Two things were notable during my English class this afternoon. First, my students loved the cakes I brought back from Nagasaki for us to enjoy during tea time. Second, one of my students gave me a huge hug when she saw me. “Sensei, good to see you!” It feels good to be missed!

After my English class, I decided to take the long way back to the train station and walk through Tsurugaoka Hachiman-gū Shrine. I haven’t been to visit in a few weeks and thought I might have a chance to see a little fall foliage. And who knows what else, I mean it’s Friday!

Check out these crowds! While I was there I observed three weddings and a plethora of school groups.

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I walked up the stairs to the top of the Shrine to make my Christmas wish. (Layla, these stairs!) 😳😬

After sending off my Christmas wish, I was ready to find Fall foliage. It was my lucky day! Fall foliage and vermilion bridges.

Plus, a Torii gate.

I found a very secluded spot. The serenity was amazing.

I had to wait patiently to capture some of these pictures without too many people. Like I said, it was crowded.

As I walked back to the train station, I did a little Christmas shopping along Komachi Dori. It was a delightful afternoon doing things I enjoy: teaching, snapping pictures, and shopping! Happy Friday!

Torinoichi Festival

My friend, Miki, invited me to go with her to the Torinoichi Festival on November 30th. Torinoichi means Festival of the Rooster (2017). The purpose of the festival is to sell good luck charms and the promise of a profitable future. One of the main items to purchase is a Kumade (a wide bamboo rake). Each of these creations are displayed on a bamboo rake. It’s like a diorama of lucky Japanese items. But, instead of a shoebox, a rake is used. There were many vendors selling Kumade.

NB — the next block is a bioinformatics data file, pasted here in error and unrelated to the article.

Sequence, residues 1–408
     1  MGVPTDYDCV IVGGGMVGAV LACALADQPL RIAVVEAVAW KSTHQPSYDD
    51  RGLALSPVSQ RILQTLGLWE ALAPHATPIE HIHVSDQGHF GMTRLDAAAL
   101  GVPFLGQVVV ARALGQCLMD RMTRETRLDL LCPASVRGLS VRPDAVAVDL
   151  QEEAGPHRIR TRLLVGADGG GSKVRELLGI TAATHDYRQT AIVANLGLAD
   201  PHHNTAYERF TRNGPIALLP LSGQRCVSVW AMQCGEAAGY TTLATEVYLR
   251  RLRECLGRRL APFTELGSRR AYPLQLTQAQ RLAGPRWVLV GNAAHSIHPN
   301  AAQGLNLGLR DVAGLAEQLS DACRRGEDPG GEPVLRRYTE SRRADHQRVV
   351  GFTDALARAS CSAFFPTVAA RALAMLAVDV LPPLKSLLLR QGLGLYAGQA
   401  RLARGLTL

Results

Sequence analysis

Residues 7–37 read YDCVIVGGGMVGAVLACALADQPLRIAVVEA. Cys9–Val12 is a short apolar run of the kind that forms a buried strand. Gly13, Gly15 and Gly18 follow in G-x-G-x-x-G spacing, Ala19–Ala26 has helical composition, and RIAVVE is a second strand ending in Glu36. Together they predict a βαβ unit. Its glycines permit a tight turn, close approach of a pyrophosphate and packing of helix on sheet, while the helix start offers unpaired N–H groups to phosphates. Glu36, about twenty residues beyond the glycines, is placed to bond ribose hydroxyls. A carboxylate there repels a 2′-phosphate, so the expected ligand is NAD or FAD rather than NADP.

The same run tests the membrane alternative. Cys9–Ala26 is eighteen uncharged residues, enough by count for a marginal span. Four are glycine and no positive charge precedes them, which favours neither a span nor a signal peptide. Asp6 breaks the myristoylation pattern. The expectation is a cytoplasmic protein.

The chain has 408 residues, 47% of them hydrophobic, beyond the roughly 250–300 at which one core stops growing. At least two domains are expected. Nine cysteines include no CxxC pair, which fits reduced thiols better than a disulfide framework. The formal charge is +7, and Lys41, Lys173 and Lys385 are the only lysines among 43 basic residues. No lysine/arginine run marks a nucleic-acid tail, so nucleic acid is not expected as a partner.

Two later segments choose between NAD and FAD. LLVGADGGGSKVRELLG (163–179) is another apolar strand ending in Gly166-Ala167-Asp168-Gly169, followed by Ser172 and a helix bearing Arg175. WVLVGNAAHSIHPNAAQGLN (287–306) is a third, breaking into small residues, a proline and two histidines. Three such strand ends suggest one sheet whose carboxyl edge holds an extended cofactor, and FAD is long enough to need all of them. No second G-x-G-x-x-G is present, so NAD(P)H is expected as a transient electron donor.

The Kumade symbolizes bringing in a huge profit like a rake brings in leaves. There were so many options for what specific lucky charm you wanted on your Kumade. I took a couple close up pictures to help you see the details. Lots of animals, sake barrels, rice clusters, coins, Seven Lucky Gods, dogs (2018 is the year of the dog), welcoming cats, and daruma dolls.

As we walked around the festival when someone purchased a Kumade, it was blessed. Look closely at the Kumade, you can see it is indeed a rake.

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Another lucky purchase.

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The festival is held three times in November and the vendors sell their Kumade late into the evening. We went early before it was too crowded!

The prices of the Kumade are not listed. You must ask the seller for the price. Miki did a little Google research for me. Here is the information she supplied about the prices.